The history, as I mentioned is murky. As Baxby wrote in 1977:

Smallpox vaccination was established long before the nature of viruses was known and therefore very little is known about the number of poxviruses circulating in the 18th and 19th centuries.

and as Razzell 1999 also noted:

The main English vaccine (the Lister strain) was sent from Cologne some time after 1871 and is reported to have been taken from a Prussian soldier suffering from smallpox... ... Many of the English vaccines in the 1850s were derived from the inoculation of cows with smallpox and as Baxby has pointed out the most recent evidence suggests it is not possible to produce vaccinia through the variolation of cows.

In addition, Schrick et al (2017) sequenced a 1902 vial of vaccinia vaccine, finding that it clustered with horsepox, noting that Jenner also suspected as much in his 1800 publication, several sections being devoted to the similarity between horsepox and cowpox and the transmissibility between the two such as the below:

In the month of November 1797 my horse had diseased heels which was certainly what is termed the grease and at a short subsequent period my cow was also affected with what a neighbouring farmer who was conversant with the camplaints... ... No other person milked the cow but the lad above mentioned I am firmly of opinion that the disease in the heels of the horse which was a virulent grease was the origin of the servants and the cow's malady

In conclusion: we don't know, but it seems likely that somewhere along the way a horsepox was used and with repeated passaging either in animals or in people, the virus developed into vaccinia as we know it now.

$\endgroup$
3
  • $\begingroup$ This is a useful answer to the general question of the origin and evolution of vaccinia virus. The question as posed seems concerned with semantics and does not do your answer justice. I shall attempt to edit it. Another questions that comes to mind is that what makes cowpox cowpox and horsepox horsepox is that they infect cows and horses, respectively. So, is it known whether vaccinia will infect cows and horses? $\endgroup$
    – David
    Sep 19 at 14:08
  • $\begingroup$ @David - Thanks for the edit, I read the question as being more or less along the lines of you edit. I don't know off the top of my head as to whether they cross species. I suspect so, as most PoxV are capable of it, albeit with limited infectivity. $\endgroup$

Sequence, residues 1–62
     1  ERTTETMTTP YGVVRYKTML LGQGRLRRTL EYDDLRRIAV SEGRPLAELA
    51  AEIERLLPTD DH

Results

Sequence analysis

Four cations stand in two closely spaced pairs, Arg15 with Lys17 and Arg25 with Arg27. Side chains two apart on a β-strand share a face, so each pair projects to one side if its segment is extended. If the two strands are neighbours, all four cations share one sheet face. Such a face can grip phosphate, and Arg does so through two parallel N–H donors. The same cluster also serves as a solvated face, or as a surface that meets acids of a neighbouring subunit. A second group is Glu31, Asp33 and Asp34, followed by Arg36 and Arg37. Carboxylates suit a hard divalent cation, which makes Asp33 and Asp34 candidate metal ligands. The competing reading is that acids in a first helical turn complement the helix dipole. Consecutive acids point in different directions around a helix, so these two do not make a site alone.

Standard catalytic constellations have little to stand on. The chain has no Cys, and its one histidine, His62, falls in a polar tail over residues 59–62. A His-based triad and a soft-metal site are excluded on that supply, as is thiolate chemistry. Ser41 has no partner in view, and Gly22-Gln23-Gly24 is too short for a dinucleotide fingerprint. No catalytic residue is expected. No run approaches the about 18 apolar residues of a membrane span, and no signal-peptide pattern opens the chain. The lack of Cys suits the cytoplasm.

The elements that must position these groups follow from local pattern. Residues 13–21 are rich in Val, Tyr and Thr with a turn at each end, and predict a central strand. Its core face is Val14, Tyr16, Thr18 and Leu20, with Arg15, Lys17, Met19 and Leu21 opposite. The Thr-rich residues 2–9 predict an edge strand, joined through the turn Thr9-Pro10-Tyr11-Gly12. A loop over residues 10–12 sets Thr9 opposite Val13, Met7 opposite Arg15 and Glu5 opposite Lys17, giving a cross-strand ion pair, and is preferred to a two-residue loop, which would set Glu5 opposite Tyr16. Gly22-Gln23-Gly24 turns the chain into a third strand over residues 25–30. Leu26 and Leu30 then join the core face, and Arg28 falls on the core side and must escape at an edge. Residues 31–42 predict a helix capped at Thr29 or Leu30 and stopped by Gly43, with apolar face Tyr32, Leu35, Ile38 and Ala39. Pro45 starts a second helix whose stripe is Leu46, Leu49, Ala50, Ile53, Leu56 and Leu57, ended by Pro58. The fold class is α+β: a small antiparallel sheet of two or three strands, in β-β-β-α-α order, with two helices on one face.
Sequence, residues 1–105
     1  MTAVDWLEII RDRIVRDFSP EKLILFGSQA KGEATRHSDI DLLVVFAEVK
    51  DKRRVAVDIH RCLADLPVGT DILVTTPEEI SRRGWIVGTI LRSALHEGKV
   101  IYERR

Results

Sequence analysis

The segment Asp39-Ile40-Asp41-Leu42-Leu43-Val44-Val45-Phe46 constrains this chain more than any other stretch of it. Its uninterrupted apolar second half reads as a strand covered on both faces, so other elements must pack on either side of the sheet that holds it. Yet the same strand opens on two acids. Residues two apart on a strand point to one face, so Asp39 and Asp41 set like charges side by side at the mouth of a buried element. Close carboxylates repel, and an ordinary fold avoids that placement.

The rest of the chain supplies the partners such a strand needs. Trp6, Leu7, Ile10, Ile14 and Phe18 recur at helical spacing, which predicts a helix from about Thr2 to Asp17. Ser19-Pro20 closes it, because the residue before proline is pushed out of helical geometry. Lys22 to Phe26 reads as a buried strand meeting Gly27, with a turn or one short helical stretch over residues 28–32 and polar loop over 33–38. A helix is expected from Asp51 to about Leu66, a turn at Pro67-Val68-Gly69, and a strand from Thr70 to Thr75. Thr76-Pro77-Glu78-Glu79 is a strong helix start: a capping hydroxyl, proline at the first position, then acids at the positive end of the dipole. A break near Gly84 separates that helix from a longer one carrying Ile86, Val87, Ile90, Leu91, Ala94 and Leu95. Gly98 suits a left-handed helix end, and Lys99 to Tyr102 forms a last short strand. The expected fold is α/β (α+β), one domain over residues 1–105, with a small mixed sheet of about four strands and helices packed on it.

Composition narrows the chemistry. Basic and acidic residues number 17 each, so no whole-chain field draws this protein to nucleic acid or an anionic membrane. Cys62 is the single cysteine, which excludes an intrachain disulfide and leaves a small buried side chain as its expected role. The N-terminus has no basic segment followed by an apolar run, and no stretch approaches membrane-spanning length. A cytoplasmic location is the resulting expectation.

– bob1
    Sep 19 at 22:45
  • $\begingroup$ @David - I'll edit in more information into my answer when I have time - there's quite a bit to this. $\endgroup$
    – bob1
    Sep 19 at 22:45
0
$\begingroup$

It is often good to just take the genbank sequences and do your own tree. Here I just chose a random region of vaccinia reference genome (50000-55000), blasting to get the 500 closely related strains, mafft, iqtree. Result: the vaccinia virus clade is very diversified and contains a few horsepox, buffalopox, rabbitpox strains, and it falls into the diversity of some cowpox clade.

So the main thing to elucidate is the reason for this wide diversity of vaccinia, ie. first selecting a few sequences representative of the early strains, before all the lab/passage work.

The most basal sequence seems to be AY313848 (Acambis clone 3, named CL3 in this paper).

This paper is probably a better start.

There are good chances that it depends on the chosen genomic region, so that the question of vaccinia's origin is more complicated than it seems.

enter image description here

$\endgroup$

Your Answer

By clicking “Post Your Answer”, you agree to our terms of service, privacy policy and cookie policy

Not the answer you're looking for? Browse other questions tagged or ask your own question.